Editor's note: This is the fourth in a series of articles on new developments in Quad Cities-area downtowns.
The City of East Moline is taking a two-pronged approach to re-building its downtown and riverfront areas.
It's the political season, and all sorts of interest groups are trying to assess which candidates are going to do the most for their agendas and constituencies.
Quad Cities Interfaith, though, is trying to speak for populations that don't normally get much attention during campaigns.
The hullabaloo last week over the announcement that crime in Davenport rose nearly 16 percent in the first six months of 2002 ignores a more troubling trend in the city: Crime in Davenport has been on the rise since 1998, and the police department to this point can only guess at the causes.
For Gwen and Dorty Hennessey, the two Catholic nuns from Dubuque who received the Pacem in Terris (Peace on Earth) award from St. Ambrose University last Thursday for their service in promoting world peace, the wind knows no government.
When the Davenport City Council on Wednesday considers raising fares for the city's mass-transit service by 50 percent, it's doing so with the risk that the move could backfire. While the city has estimates on how much revenue the fare increase might generate, history and the size of the hike suggest that the benefit might not be enough to bring the service out of the red.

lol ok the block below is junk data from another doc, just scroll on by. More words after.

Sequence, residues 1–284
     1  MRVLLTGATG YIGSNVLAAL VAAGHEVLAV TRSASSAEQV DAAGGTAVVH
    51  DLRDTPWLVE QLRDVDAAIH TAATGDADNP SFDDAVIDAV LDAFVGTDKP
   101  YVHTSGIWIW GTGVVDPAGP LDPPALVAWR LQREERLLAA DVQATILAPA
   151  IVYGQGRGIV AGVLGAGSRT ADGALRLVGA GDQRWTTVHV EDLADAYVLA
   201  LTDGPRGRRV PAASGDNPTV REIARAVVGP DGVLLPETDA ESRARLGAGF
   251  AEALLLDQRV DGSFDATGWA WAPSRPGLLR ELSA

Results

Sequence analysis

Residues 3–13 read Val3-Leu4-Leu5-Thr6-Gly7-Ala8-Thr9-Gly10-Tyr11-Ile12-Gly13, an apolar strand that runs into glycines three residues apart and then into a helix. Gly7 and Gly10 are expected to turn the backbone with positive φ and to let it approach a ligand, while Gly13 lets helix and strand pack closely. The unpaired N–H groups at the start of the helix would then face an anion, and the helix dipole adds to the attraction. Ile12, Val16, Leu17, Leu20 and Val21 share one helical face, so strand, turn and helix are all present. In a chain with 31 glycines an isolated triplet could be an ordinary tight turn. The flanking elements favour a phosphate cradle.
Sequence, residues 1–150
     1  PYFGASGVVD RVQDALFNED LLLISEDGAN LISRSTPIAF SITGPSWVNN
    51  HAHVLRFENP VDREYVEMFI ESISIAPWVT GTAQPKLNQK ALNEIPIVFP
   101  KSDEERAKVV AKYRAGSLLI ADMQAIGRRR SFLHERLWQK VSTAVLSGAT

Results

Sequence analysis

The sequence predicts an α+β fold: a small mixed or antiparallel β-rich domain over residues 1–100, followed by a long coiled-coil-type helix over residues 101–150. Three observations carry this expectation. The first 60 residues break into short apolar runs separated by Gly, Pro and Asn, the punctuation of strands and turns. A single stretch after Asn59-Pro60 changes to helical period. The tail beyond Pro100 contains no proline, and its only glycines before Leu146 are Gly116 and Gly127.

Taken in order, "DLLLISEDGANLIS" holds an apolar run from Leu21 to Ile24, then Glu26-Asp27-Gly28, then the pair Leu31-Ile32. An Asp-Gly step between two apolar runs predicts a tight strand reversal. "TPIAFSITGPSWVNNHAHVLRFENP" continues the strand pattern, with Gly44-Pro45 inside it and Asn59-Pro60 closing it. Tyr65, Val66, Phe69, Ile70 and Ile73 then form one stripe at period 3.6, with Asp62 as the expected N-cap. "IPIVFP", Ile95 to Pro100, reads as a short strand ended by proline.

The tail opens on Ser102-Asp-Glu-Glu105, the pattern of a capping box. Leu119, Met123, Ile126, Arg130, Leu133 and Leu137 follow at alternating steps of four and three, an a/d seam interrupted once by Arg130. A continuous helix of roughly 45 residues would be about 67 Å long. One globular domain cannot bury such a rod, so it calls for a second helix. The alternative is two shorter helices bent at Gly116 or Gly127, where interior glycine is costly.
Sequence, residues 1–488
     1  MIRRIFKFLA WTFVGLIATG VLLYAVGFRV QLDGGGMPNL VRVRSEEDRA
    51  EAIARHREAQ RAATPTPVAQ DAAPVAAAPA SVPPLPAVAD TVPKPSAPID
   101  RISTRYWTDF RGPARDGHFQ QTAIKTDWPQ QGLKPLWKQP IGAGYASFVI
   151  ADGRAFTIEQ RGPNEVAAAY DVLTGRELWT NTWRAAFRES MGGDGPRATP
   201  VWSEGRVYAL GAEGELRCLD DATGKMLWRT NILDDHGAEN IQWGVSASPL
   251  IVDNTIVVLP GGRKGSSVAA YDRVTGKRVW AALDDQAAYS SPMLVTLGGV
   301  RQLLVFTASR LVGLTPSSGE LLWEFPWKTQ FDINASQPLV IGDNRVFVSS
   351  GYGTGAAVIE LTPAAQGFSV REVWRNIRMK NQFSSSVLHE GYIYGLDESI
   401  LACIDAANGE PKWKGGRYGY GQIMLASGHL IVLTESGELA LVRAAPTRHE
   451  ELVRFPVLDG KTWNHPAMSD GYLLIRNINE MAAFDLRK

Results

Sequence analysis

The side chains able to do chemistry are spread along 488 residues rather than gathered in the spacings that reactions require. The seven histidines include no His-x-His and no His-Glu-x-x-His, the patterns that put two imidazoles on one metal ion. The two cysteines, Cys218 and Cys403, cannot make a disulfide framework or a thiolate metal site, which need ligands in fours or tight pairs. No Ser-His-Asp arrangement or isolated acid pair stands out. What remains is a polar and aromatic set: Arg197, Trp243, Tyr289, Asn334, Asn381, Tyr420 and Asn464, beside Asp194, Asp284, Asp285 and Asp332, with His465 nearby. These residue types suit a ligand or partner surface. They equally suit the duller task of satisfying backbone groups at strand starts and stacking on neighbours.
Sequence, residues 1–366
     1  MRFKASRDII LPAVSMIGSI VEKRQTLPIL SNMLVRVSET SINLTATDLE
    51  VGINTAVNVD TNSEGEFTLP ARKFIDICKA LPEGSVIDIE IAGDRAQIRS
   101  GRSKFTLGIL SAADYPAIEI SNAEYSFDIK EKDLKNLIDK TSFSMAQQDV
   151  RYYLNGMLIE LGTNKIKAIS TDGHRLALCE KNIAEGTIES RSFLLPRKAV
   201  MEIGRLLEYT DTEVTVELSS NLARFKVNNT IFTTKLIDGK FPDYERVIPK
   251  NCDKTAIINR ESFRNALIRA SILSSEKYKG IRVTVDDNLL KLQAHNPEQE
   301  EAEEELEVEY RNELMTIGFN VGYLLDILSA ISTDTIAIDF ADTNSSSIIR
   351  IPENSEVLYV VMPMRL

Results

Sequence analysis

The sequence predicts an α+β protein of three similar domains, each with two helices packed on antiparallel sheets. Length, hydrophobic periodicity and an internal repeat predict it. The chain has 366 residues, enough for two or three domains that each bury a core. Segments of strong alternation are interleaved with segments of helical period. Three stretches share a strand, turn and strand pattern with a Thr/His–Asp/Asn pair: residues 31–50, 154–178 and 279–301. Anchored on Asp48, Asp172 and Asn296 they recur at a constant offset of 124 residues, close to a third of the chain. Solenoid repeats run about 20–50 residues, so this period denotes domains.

The Davenport Community School District (DCSD) has a way of lighting a fire under people to get involved. Unfortunately, the motivation is many times born of frustration, contempt, and good old-fashioned anger at the modus operandi of the DCSD.
An administrative law judge last week ruled that the Davenport Community School District board followed state guidelines in its controversial decision in April to close Grant and Johnson elementary schools.
Parents, led by Alan Guard and Brenda Jordahl-Buckles, had appealed the district's January 28 and April 22 votes to close the schools.
We Care Weekend is in its 14th year, and much has changed in that time. AIDS went from being an epidemic in the United States to seemingly an afterthought in that time period, but even so, We Care has grown. The weekend in its first year raised $6,000 for the Quad Cities AIDS Coalition, and now it brings in $40,000 for AIDS Project Quad Cities.
MidAmerican Energy Company (MEC) sent notices to its customers on March 14, 2002, advising them of its intention to increase natural gas rates by an average of 4.3 percent, generating an additional $26.6 million for the company.
People who were hoping the Davenport Community School District board would have a revelation akin to Saul on the road to Damascus were sorely disappointed after the board's April 22 meeting. Instead of being blinded by the brilliance of sensible alternatives, the board replicated its 6-1 January vote to close Grant and Johnson elementary schools.
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